Materials Sector Trading Strategy

Materials Sector Trading Strategy | Backtesting Results

The material sector is considered the primary producer in the supply chain because the companies here provide the raw materials used by other industries. Stocks in this sector tend to do well in a strong economy. However, the sector is not an easy one to trade, quite the contrary. We have backtested many strategies in the sector, but very few work well. In this article, we provide you with one materials sector trading strategy.

What is the S&P Materials sector?

The material sector consists of companies that are engaged in the exploration, extraction, and processing of basic raw materials, which are needed for other sectors to function. This includes the mining companies that provide gold, zinc, and copper, as well as forestry companies that provide wood. Some companies that are not typically associated with materials but are in the sector include container and packaging companies such as the Intertape Polymer Group, a company that produces tape.

Stocks in this sector that are part of the S&P 500 index make up the S&P Materials sector. A capitalization-weighted index of this sector is tracked by various ETFs, such as the Materials Select Sector SPDR Fund (XLB), iShares U.S. Basic Materials ETF, and the Vanguard Materials ETF.

Materials sector trading strategy (XLB strategy)

Let’s go on to backtest a materials sector trading strategy. We backtest the ETF with the ticker code XLB.

We backtest the Monthly Trading Edge of October 2021, a mean reversion strategy. That trading strategy was based on SPY/ES and we bring this up to show that the materials sector is slightly different than the overall market. The equity curve looks like this:

Materials sector trading strategy
Materials sector trading strategy

The average gain per trade is 0.38% but as you can see, the road has been pretty volatile with long and deep drawdowns. This is not what you’d like in a trading strategy.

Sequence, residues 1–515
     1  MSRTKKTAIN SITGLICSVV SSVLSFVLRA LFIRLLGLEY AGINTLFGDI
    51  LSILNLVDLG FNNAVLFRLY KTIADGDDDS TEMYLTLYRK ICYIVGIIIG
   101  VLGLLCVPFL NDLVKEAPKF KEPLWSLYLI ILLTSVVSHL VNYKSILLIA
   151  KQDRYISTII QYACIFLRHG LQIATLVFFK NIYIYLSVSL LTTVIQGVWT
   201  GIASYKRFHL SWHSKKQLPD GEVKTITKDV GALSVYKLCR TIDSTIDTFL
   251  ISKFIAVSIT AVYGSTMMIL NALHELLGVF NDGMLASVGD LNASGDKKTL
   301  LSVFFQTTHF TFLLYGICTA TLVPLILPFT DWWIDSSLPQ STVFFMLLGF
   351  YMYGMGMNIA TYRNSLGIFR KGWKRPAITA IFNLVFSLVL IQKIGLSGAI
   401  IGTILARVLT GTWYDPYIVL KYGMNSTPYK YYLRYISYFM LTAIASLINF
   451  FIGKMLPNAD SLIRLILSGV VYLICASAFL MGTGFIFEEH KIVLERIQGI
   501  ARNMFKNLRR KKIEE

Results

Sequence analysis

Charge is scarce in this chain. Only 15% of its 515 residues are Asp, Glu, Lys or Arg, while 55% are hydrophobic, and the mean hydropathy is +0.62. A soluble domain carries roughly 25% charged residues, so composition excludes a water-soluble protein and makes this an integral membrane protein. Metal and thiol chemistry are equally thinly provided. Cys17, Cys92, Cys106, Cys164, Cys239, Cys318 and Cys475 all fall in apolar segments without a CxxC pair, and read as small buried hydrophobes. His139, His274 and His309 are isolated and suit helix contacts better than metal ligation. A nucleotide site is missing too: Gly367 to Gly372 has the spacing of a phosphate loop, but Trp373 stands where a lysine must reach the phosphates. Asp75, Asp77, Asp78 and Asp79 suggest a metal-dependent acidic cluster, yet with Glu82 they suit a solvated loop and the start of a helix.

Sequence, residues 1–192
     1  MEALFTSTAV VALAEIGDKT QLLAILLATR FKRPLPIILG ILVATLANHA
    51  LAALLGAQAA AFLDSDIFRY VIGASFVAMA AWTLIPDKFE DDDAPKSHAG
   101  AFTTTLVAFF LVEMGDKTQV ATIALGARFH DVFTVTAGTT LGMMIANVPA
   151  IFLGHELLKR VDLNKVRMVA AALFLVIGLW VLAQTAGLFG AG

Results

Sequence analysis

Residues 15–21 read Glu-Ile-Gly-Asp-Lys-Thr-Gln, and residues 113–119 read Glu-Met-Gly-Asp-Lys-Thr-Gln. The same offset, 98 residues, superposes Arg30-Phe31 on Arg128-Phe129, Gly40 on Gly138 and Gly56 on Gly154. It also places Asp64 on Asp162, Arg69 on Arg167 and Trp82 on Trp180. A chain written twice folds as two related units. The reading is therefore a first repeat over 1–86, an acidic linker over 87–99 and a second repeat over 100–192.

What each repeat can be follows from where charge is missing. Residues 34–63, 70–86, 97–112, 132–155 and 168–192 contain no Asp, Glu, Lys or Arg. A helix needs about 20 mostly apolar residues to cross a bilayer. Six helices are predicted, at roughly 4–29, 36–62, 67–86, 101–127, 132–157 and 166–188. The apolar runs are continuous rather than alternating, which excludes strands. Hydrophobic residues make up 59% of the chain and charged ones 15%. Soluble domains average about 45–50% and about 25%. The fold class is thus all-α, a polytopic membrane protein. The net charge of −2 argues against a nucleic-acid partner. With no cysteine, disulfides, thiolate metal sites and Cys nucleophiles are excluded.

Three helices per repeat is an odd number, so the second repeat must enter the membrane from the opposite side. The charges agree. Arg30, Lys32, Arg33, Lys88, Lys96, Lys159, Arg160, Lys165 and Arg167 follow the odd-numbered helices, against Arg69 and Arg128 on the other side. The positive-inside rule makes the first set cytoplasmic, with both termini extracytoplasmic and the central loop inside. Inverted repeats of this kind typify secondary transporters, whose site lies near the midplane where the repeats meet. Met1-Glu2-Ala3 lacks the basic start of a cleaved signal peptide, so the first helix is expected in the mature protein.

Unfortunately, almost none of our trading strategies we use for the overall market work for XLB and this sector. We backtested a wide range of our strategies we use for other ETFs, but basically, none show any promise.

What are the 5 biggest stocks in the sector?

These are some of the biggest stocks in the S&P 500 Materials sector:

  • Linde plc (LIN). Linde plc is an industrial gas and engineering company with operations in the Middle East, Europe, Asia, and North and South America. It offers a wide range of atmospheric gases such as oxygen, argon, and nitrogen; process gases like helium, hydrogen, and carbon dioxide. It serves the Healthcare industry, food and beverages, and aerospace companies amongst others. Its stock price has been performing fairly well with a total market cap of $142.658B as of July 2022.
  • The Sherwin-Williams Company (SHW). The Sherwin-Williams Company is a company offering products for architecture and industrial paint contractors. The company’s operation is divided into three segments namely the Americas Group, Performance Coating Group, and Consumer Group. The company has a total market cap of $64.952B.
  • Newmont Corporation (NEM). The company engages in the exploration and mining of gold. It also explores for copper, silver, zinc, and lead, and has operations in the United States, Canada, Mexico, Dominican Republic, Peru, Suriname, Argentina, Chile, Australia, and Ghana. As of December 31, 2021, the company had proven and probable gold reserves of 92.8 million ounces and a land position of 62,800 square kilometers. NEM has a market cap of $41.278B as of July 20, 2022.